A Non-Supernatural Michael Myers? That's Apparently What Danny McBride Wants With His Halloween Reboot

danny mcbride

Since Danny McBride and David Gordon Green were announced as the creative force behind rebooting the Halloween franchise in February, there has been skepticism that they should be the duo to do it. While fans of horror are excited that John Carpenter will be back to produce, McBride and Green's catalogue together mostly consists of comedy projects (and whatever Your Highness was supposed to be). that has left fans wondering if they have the right chops to tackle the most iconic movie slasher of all-time (sorry Jason, sorry Freddy).

While doing press for Alien Covenant, McBride went on the Empire Film Podcast and talked a little about what their take is going to be:

Look at where the Halloween franchise has gone. There's a lot of room for improvement. David and I are coming from it as, we are horror fans, and we are humongous fans of John Carpenter and of what he did with the original Halloween, so I think from watching this and being disappointed by other versions of this series, I think we're just trying to strip it down and just take it back to what was so good about the original."

And when talking about the original itself and making Michael "scary" again:

It was just very simple and just achieved that level of horror that wasn't corny and it wasn't turning Michael Myers into some supernatural being that couldn't be killed. That stuff to me isn't scary. I want to be scared by something that I really think could happen.

I think it's much more horrifying to be scared by someone standing in the shadows while you're taking the trash out as opposed to someone who can't be killed pursuing you."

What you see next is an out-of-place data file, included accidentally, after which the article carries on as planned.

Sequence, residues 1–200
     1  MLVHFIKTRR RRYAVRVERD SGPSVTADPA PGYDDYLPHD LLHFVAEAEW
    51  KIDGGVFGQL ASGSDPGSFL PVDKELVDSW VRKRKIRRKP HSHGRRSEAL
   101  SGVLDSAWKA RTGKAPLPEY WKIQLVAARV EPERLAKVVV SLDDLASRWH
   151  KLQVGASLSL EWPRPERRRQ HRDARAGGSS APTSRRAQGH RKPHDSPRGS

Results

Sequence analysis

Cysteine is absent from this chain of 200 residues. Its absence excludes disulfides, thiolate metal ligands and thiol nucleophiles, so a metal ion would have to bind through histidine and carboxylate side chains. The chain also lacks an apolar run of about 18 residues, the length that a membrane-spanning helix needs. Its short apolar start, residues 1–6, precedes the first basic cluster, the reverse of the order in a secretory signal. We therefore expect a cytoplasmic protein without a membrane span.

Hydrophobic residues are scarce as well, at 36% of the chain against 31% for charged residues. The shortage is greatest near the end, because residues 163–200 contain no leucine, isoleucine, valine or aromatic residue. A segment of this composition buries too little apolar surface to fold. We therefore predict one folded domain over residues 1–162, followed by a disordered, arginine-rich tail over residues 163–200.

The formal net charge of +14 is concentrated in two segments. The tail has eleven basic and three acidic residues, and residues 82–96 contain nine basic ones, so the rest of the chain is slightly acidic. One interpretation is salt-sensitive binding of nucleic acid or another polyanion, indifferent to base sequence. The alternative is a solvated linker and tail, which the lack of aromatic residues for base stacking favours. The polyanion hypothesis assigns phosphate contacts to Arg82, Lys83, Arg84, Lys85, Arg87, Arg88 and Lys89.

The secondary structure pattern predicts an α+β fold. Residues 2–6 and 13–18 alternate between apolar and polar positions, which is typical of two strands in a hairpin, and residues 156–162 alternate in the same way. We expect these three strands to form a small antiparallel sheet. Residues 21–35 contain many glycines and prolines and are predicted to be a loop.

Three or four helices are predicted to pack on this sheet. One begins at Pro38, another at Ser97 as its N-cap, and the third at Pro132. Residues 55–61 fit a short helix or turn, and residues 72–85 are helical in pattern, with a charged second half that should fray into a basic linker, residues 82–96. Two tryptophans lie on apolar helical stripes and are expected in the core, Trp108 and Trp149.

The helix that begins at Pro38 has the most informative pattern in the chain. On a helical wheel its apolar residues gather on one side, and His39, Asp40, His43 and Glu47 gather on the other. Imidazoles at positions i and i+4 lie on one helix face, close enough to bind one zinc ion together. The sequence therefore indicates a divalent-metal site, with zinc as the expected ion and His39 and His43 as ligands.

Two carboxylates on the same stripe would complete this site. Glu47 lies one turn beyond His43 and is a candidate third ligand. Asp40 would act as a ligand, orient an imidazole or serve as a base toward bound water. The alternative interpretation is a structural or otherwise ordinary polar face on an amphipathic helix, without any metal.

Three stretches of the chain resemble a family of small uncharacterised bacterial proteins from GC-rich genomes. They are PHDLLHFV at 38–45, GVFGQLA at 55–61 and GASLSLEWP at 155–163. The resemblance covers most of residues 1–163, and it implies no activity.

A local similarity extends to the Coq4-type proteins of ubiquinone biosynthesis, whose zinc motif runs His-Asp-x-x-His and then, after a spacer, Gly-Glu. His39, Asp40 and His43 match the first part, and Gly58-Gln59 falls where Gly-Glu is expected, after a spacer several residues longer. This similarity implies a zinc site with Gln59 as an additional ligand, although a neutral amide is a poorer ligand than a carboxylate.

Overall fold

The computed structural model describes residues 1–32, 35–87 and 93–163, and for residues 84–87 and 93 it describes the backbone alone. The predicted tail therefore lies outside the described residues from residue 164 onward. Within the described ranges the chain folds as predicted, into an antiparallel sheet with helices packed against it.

I think a more grounded take on Michael can work really well, the original is one of my all-time favorite movies and even I every once in awhile when I watch it hate that he isn't on the ground at the end after being shot multiple times and falling off a balcony and being stabbed with a knitting needle and a knife. He isn't wrong that the most effective parts of the movie are when he his hiding behind the hedges, or after killing a man and staring at the body hanging there as if it was a painting. That is unnerving, that is creepy. That is the Michael I love.

So why am I so against this? Michael is right up there with the great film characters as far as I am concerned, and they have treated him like dog#$!@ since that first film. It shouldn't bother me at all that they want to go in this direction. While I didn't hate everything they did, the majority of the choices made were pretty terrible, and thankfully they seem to be pretending the Rob Zombie films never happened. I guess I just feel too much fandom ownership over this series and Michael himself, and while that is a good thing, it will make seeing whatever these two put on screen a never-wracking watch on October 19, 2018. Hey: at least they are releasing it around Halloween.


First seen on MovieWeb

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Jeremy KonradAbout Jeremy Konrad

Jeremy Konrad has written about collectibles and film for almost ten years. He has a deep and vast knowledge of both. He resides in Ohio with his family.
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